She’s optimistic when she speaks about the future, for both the business and for society at large: “The reality is that my kid’s generation coming through now are the ones going no, you told us we’re entitled to this, you told us that we should fight for our rights and so we will. The world is changing for the better and I love being part of it.” And with marketers like Hopkins at the helm of businesses striving to keep our connections to the continent open, we have reason to feel pretty hopeful ourselves.

Eurotunnel, 'Ham and Jam' by CLICKON

Q: Why have you decided to mark D-Day in your latest campaign?
A: CLICKON contacted me with the idea for the D-Day campaign sketched out. As the only physical link between the UK and France, it felt like something we wanted to get involved with, a good opportunity to pay our respects to those that fought on D-Day, and particularly to tell the story of how people are passing information about it onto the next generation.
Q: What are the challenges for a brand built on connecting France and the UK in the age of Brexit?
A: Whether they voted to leave or remain, most people from the UK feel very lucky to be able to nip over to Europe so easily. Britons love the culture, food, wine and adventures that are available on a road trip across the channel, and I can’t imagine politics changing that.
Q: What do you think makes a successful client/agency relationship?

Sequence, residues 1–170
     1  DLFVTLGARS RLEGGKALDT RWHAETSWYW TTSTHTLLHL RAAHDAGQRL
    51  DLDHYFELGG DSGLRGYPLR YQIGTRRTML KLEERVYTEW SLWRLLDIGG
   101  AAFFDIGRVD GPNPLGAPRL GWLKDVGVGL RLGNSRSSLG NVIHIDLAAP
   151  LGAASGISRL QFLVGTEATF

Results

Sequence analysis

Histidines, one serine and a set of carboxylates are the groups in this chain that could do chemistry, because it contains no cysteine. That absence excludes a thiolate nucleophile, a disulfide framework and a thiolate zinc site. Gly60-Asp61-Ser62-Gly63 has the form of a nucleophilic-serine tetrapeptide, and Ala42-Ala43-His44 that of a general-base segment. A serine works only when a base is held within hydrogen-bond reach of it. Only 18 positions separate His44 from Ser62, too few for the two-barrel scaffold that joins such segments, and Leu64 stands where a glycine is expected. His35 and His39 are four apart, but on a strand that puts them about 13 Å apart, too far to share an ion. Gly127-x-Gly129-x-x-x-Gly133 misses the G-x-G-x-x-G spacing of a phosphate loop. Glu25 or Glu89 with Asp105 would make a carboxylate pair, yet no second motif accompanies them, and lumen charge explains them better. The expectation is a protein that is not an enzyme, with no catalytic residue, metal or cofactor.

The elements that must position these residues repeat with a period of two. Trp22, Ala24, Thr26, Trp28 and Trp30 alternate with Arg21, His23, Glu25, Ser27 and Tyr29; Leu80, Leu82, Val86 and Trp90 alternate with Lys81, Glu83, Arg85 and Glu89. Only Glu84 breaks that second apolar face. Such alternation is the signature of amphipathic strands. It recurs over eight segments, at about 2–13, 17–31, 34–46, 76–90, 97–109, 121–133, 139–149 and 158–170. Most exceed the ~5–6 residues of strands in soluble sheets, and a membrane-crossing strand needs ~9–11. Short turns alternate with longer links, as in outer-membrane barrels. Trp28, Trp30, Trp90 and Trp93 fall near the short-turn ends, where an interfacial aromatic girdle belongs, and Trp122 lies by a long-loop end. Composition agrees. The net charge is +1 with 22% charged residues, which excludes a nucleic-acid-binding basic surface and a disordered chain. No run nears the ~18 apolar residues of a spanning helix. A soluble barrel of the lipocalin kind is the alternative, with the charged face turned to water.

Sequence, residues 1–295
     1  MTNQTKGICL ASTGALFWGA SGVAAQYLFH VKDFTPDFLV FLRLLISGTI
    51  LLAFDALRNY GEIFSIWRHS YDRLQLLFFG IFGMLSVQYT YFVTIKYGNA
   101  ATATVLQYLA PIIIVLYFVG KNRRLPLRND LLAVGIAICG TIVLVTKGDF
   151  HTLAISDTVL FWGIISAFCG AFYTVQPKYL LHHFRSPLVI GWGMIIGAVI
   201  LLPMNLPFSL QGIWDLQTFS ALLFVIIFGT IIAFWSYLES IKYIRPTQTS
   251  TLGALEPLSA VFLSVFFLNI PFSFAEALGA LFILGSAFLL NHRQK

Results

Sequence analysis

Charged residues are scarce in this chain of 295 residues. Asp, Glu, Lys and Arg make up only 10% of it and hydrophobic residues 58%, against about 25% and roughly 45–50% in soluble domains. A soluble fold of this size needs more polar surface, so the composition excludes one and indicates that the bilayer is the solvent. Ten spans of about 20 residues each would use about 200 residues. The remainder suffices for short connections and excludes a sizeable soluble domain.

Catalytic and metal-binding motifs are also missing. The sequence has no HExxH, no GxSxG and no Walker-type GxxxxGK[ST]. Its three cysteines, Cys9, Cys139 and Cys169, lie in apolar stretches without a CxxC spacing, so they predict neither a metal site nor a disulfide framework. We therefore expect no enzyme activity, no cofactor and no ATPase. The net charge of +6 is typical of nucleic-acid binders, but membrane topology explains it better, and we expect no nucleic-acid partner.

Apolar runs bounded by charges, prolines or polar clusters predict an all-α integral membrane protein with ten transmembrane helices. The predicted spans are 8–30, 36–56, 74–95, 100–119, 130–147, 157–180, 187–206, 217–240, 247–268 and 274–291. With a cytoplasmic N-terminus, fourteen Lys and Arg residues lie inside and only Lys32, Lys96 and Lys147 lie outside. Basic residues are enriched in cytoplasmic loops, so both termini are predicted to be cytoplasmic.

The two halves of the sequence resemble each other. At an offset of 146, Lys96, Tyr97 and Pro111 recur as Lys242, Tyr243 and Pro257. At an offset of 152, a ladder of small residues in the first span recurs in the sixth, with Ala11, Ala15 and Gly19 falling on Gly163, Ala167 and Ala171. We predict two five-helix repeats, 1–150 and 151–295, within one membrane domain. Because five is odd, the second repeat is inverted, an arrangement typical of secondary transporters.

A: I only work with agencies that are comfortable working in a truly collaborative way. That used to be a bit of a challenge, but increasingly agencies are more open to working not only with the client-side team, but also with other agencies. I think that open-ness to listen to each other, and respect opinions and expertise is essential.

I think that as the technology, distribution, optimisation and attribution models get smarter and more automated, it’s increasingly the marketer’s role to bring the human side to strategy and campaigns.

Jae Hopkins
Q: What are your ambitions for Eurotunnel over the next few years?
A: I want everyone in the UK to know that you can take your car from Folkestone to Calais by driving it onto a train that only takes 35 minutes from platform to platform. We still have differentiation problems with Eurostar, who are one of our biggest customers, and who provide a great service. I’d like to help people understand the difference.
Q: How are your consumer expectations shifting and what are you doing to meet them?
A: Customers expect to be able to speak to us in the way that suits them best. We have a great team of knowledgeable staff on the end of a phone; they are all seated in our terminal building, and they don’t use scripts. We have just changed account functionality to make booking online, and repeat booking, even easier, and we offer webchat which is increasingly popular. Once booked, customers don’t need to bring tickets or print anything out; they just drive up, and the check-in booth automatically recognises their number plate. It’s funny, because even though people understand the technology, many of our customers say they still get a kick out of the automated welcome! We’re trying to make sure we use the smartest, securest technology, but also have humans available; sometimes you just want to speak to someone.
Q: What piece of advice would you give to marketers starting out in their career today?
A: I think that as the technology, distribution, optimisation and attribution models get smarter and more automated, it’s increasingly the marketer’s role to bring the human side to strategy and campaigns. Understanding customer needs and wants, knowing how to inspire creativity e.g. by writing great briefs, and motivating internal teams and agencies to care, and give their best, are tools every marketer needs in their virtual toolbox these days.